How the India women’s hockey team got fitter, faster and stronger

Rudraneil Sengupta, Sandip Sikdar
In February, Vandana Katariya, the India women’s hockey team’s most experienced attacking player, fractured her ankle and tore a ligament. For the gritty, lithe forward, who had spent the better part of a year locked down at the hockey team’s base in Bengaluru doing nothing but training — and thinking of little else but the Tokyo Olympics — this was a terrible blow.
“But Wayne Lombard (the team’s scientific advisor), told me not to worry, that he would take care of the recovery,” Katariya said.
Lombard, a big, muscular South African who has worked with elite athletes for a decade and with the hockey team since 2017, knew that Katariya had one thing going for her: she was the fittest athlete in the squad. “Her baseline fitness…just phenomenal,” Lombard said.
“Your ankle is injured, but everything else is working just fine,” he told Katariya. “We can keep training hard, within reason, and working on rehab…there is no difference between rehab and performance.”
The recovery process
Over the following few weeks, Katariya went through the kind of recovery process that’s the norm for elite athletes in countries with advanced sporting infrastructures, but has only begun in recent years in Indian hockey. Because ankles quickly lose their range of motion when kept inactive, she donned an ankle brace boot as soon as possible and made to walk.
To ensure that the muscles on that leg did not lose strength, Lombard introduced a practice called Blood Flow Restriction or BFR. Bands wrapped around the leg cuts off blood flow to specific muscles periodically while a person does isometric, low-weight exercises. It’s believed to stimulate muscles in a way that tricks the brain into enhancing both strength gain and recovery while using minimal weight. Japanese power lifter Yoshiaki Sato, who invented the method, had his first big success with it in 1973, while trying to recover from an ankle fracture too (though the technique only came into more widespread usage, backed by research, in 2016).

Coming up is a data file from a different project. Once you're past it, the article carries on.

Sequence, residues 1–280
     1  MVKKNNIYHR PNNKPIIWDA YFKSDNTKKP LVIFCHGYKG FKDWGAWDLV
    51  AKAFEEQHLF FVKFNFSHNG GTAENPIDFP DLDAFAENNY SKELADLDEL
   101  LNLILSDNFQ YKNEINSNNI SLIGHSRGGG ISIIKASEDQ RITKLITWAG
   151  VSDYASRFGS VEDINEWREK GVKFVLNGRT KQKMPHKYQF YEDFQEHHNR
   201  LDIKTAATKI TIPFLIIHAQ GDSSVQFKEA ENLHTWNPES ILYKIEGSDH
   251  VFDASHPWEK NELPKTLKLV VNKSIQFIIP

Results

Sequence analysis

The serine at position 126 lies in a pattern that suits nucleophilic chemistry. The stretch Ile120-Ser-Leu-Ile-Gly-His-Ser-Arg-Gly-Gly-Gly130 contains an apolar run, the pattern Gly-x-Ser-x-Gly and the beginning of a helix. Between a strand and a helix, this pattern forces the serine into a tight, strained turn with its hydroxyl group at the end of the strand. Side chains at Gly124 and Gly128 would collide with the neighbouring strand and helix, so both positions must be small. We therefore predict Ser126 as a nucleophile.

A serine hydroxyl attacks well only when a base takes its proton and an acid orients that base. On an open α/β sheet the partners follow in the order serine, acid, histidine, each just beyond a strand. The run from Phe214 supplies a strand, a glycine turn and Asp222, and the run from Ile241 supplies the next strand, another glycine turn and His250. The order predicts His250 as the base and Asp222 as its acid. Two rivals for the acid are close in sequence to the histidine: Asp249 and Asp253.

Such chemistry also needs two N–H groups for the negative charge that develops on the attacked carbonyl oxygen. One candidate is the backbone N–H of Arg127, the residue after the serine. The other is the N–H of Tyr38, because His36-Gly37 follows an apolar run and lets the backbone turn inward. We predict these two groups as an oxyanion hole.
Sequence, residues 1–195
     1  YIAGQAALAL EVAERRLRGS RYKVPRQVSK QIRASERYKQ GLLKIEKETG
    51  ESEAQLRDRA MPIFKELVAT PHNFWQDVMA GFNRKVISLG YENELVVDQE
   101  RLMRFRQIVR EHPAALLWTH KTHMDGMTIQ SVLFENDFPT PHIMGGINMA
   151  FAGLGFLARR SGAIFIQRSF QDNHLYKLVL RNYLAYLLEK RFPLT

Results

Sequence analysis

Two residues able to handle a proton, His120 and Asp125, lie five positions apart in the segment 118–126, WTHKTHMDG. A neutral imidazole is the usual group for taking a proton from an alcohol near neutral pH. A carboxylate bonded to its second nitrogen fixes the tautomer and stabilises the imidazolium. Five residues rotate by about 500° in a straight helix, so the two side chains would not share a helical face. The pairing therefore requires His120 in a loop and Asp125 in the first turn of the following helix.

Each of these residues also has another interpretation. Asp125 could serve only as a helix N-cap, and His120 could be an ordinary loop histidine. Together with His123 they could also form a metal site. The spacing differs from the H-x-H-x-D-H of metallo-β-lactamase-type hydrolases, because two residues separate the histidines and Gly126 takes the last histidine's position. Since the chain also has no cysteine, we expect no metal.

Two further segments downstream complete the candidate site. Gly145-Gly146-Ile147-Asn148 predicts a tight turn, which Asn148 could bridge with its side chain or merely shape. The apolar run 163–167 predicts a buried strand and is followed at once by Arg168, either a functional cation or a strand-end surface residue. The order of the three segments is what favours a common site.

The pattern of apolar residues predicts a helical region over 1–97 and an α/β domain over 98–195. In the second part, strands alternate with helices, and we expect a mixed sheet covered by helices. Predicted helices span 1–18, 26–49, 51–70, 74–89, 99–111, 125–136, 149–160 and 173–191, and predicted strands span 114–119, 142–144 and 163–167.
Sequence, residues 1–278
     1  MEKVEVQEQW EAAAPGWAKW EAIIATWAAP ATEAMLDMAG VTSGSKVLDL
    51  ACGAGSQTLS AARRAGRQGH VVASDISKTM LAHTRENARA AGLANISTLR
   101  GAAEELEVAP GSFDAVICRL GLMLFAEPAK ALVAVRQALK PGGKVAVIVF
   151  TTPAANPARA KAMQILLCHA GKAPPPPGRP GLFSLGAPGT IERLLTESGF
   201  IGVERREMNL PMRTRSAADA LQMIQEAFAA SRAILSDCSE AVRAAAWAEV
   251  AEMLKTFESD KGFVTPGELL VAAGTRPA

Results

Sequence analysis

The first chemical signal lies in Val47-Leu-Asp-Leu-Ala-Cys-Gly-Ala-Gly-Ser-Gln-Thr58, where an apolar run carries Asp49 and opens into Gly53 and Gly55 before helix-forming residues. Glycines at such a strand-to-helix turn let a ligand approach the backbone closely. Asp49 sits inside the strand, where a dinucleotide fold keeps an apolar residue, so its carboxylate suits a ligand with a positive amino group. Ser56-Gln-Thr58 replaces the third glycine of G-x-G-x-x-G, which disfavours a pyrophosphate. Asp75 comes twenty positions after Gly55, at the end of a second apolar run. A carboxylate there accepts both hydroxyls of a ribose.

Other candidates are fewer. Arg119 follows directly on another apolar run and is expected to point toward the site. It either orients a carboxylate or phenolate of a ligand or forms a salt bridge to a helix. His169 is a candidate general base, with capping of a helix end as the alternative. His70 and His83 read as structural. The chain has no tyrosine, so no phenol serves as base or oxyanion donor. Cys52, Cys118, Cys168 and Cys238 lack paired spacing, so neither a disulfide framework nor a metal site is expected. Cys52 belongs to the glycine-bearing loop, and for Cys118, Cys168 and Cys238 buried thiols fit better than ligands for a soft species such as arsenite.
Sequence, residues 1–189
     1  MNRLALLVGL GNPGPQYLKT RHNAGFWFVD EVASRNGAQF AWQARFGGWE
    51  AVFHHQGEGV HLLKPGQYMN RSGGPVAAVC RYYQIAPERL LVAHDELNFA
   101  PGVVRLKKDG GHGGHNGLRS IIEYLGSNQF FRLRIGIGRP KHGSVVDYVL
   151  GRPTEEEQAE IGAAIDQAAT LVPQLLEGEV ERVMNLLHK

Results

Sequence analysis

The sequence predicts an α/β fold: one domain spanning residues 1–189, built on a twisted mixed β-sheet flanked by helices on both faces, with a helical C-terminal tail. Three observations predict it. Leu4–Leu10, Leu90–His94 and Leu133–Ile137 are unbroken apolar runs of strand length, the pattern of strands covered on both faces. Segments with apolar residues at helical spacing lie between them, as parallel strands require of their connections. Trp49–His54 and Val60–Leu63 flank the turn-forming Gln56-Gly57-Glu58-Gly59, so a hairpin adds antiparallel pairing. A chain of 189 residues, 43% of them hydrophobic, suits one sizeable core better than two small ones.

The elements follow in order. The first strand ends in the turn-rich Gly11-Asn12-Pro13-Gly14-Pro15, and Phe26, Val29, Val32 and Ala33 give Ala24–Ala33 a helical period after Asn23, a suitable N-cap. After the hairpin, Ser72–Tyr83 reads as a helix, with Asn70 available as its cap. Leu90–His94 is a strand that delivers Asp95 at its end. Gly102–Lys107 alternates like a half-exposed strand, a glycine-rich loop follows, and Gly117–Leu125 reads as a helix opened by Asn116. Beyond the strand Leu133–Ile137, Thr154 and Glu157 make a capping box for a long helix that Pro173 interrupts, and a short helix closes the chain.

Once Katariya was at a stage where she could walk without the brace, Lombard started her on an exercise regime that did not put too much stress on the ankle — in the pool, on bikes — and on an anti-gravity treadmill.
“They are so cool for rehab purposes,” Lombard said, speaking on a Zoom call from Bengaluru this month, just before he left for South Africa for a rare break. “Because it gets the athlete running really early and you can decide how much bodyweight the player can take at that time. Say you weigh 100kg, but I can set it at 50% bodyweight, so when you are running or walking on the treadmill, you are only supporting that much bodyweight. It feels like moonwalking!”
The anti-gravity treadmill is essentially a treadmill enclosed in an airtight chamber that comes up to the athlete’s waist. The air pressure in the chamber is increased to the desired level so that the athlete is in a more buoyant environment. Not only does the treadmill allow athletes to start running without having to bear their full bodyweight, it also helps maintain cardiovascular conditioning with significantly reduced stress on the joints.
Only when Katariya had progressed to running 40 minutes at around 90% bodyweight without pain that Lombard put her back on the field. “I returned fitter than before,” Katariya said.
“That’s the great paradox of injuries: the timing is never good for injuries but the timing is sometimes very good for injuries,” Lombard said with a smile. “If that makes any sense…”
Through the Tokyo Olympics, it did.
Team transformed
So there she was, Katariya, at Tokyo 2020, in what turned out to be the most exhilarating campaign the Indian women’s hockey team has ever been a part of. A campaign with a cinematic arc — early setbacks, a roaring revival, an extraordinary victory over a higher-ranked opponent and finally, missing out on a medal after going down to the Rio 2016 champions in a down-to-the-wire, high-scoring game.
Katariya finished with four goals — the most at the Olympics for India along with Gurjit Kaur — including a hattrick in a must-win game of fluctuating fortunes against South Africa, her athleticism allowing her to outmuscle her markers, or sprint tirelessly into the defence’s blind spots for opportunistic strikes.
Here was a team transformed — a team that had lost all its matches at Rio 2016, standing toe to toe with the medallists from that edition. One of the ways they did it was by becoming world-class athletes.
“The fitness results have been amazing,” said Sjoerd Marijne, who coached the team from 2018 till the end of the Olympic campaign. “They have become faster, stronger, their agility is much better, their movements, it’s everything.”
Speaking over the phone from Amsterdam, where he said he was adjusting to the cold and rain after the heat of India, Marijne said that the process of change started “with the first session.”
“It happened by taking small steps over four and a half years.”
It’s a process that began with the fundamentals—both Marijne and Lombard agreed that when they took over, the team was physically at a “low level”—and proceeded to take the team to a stage where they were regularly scoring as high on the yo-yo test as the men’s team, numbers that would put them in the same category as any top team in the world.
To be contd